Conquest of happiness — Bertrand Russell

The causes of unhappiness:

  • Competition
  • Boredom and Excitement
  • Fatigue
  • Envy
  • The sense of sin
  • Persecution mania

There are four maxims, which will prove an adequate preventive of persecution mania if their truth is sufficiently realized:

  1. Remember that your motives are not always as altruistic as they seem to yourself

2. Don’t overestimate your own merits

3. Don’t expect others to take as much interest in you as you do yourself

4. Don’t imagine that most people give enough thought to you to have any desire to persecute you

  • Fear of public opinion

Causes of happiness:

  • Zest
  • Affection
  • Family
  • Work
  • Impersonal Interests
  • Effort and Resignation

The secret of happiness is this: let your interests be as wide as possible, and let your reactions to the things and persons that interest you be as far as possible friendly rather than hostile.

The man who underestimates himself is perpetually being surprised by success, whereas the man who overestimates himself is just as often surprised by failure. The former kind of surprise is pleasant, the latter unpleasant. It is therefore wise to be not unduly conceited, though also not too modest to be enterprising.

Of the more highly educated sections of the community, the happiest in the present day are the men of science. Many of the most eminent of them are emotionally simple, and obtain from their work a satisfaction so profound that they can derive pleasure from eating, and even marrying. Artists and literary men consider it de rigueur to be unhappy in their marriages, but men of science quite frequently remain capable of old fashioned domestic bliss. The reason of this is that the higher parts of their intelligence are wholly absorbed by their work and are not allowed to intrude into regions where they have no functions to perform.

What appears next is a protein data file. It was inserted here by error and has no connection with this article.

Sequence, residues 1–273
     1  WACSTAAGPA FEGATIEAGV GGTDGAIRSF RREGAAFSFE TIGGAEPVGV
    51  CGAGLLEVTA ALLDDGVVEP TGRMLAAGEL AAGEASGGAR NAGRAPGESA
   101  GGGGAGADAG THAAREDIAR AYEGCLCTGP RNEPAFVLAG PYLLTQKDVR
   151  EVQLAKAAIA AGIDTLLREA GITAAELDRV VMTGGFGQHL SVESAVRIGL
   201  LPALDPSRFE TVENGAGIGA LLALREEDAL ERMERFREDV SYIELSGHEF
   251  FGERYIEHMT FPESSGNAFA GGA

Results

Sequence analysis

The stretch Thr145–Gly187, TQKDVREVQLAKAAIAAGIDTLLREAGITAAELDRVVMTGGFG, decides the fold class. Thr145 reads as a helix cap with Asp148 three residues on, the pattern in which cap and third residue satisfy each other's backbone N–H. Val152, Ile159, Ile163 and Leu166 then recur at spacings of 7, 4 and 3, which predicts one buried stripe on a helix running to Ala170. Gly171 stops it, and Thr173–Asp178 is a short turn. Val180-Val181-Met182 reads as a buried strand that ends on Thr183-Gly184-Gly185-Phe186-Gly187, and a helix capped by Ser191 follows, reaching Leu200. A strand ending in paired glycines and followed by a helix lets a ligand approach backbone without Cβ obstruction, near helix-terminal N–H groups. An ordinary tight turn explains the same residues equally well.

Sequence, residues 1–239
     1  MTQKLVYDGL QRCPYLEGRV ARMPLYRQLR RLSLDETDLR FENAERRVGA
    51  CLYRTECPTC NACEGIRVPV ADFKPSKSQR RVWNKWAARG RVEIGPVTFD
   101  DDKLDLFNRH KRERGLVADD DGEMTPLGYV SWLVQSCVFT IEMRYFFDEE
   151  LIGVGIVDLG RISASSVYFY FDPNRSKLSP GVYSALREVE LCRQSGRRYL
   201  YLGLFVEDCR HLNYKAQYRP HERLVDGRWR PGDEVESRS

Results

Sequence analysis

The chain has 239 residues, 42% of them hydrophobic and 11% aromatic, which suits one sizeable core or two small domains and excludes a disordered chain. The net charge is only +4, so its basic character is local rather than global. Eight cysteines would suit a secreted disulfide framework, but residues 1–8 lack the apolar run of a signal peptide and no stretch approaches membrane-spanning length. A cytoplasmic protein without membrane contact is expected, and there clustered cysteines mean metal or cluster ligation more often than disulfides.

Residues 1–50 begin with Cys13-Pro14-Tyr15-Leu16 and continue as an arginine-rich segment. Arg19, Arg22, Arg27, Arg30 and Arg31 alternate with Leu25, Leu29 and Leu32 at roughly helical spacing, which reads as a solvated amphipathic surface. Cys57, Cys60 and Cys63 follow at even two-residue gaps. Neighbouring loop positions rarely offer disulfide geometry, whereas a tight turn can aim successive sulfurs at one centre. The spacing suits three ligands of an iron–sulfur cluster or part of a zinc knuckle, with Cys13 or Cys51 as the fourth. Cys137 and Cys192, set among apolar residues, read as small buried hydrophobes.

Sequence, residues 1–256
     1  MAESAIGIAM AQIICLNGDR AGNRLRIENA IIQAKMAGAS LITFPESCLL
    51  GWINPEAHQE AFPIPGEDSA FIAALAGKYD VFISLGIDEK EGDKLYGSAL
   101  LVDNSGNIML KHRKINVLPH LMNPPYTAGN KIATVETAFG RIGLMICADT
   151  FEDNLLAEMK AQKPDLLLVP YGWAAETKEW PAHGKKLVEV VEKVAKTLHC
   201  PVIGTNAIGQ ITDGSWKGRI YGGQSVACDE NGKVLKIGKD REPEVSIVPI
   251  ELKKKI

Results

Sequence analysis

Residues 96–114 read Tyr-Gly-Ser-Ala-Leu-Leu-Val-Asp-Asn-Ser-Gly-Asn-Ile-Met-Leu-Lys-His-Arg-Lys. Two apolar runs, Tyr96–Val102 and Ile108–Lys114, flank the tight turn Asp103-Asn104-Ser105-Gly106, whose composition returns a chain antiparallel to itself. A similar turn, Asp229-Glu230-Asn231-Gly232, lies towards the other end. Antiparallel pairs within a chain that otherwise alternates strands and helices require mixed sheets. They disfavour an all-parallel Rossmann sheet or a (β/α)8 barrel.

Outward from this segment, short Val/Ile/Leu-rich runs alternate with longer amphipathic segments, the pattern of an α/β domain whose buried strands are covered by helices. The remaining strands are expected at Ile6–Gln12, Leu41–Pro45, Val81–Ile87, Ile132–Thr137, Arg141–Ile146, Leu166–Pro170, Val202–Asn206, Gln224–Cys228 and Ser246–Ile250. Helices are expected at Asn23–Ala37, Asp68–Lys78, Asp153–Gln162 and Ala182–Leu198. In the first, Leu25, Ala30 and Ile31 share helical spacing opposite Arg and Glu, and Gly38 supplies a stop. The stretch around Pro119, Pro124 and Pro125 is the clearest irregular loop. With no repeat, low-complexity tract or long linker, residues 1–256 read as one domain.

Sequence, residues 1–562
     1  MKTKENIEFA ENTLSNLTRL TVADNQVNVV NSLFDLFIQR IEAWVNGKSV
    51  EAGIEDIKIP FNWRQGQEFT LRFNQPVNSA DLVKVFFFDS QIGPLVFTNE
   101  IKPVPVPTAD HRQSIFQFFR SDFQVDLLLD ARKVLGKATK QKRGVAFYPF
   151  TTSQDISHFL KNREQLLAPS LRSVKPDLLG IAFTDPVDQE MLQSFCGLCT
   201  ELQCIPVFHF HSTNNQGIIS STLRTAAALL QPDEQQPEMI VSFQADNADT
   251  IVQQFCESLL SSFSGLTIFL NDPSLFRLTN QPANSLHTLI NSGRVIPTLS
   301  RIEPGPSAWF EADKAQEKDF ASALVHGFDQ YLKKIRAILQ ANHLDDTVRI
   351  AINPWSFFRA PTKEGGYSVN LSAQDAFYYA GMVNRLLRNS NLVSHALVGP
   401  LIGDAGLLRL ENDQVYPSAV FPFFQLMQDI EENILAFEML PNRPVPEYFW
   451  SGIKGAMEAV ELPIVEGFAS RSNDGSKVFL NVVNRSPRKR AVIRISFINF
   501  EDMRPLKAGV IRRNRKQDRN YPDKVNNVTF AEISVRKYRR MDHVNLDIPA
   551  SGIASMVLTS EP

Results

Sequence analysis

If your child is ill, you may be unhappy, but you will not feel that all is vanity, you will feel that the restoring of the child to health is a matter to be attended to regardless of the question whether there is ultimate value in human life or not. A rich man may, and often does, feel that all is vanity, but if he should happen to lose his money, he would feel that his next meal was by no means vanity. The feeling is one born of a too easy satisfaction of natural needs. The human animal, like others, is adapted to a certain amount of struggle for life, and when by means of great wealth homo sapiens can gratify all his whims without effort, the mere absence of effort from his life removes an essential ingredient of happiness. The man who acquires easily things for which he feels only a very moderate desire concludes that the attainment of desire does not bring happiness. If he is of a philosophic disposition, he concludes that human life is essentially wretched, since the man who has all he wants is still unhappy. He forgets that to be without some of the things you want is an indispensable part of happiness.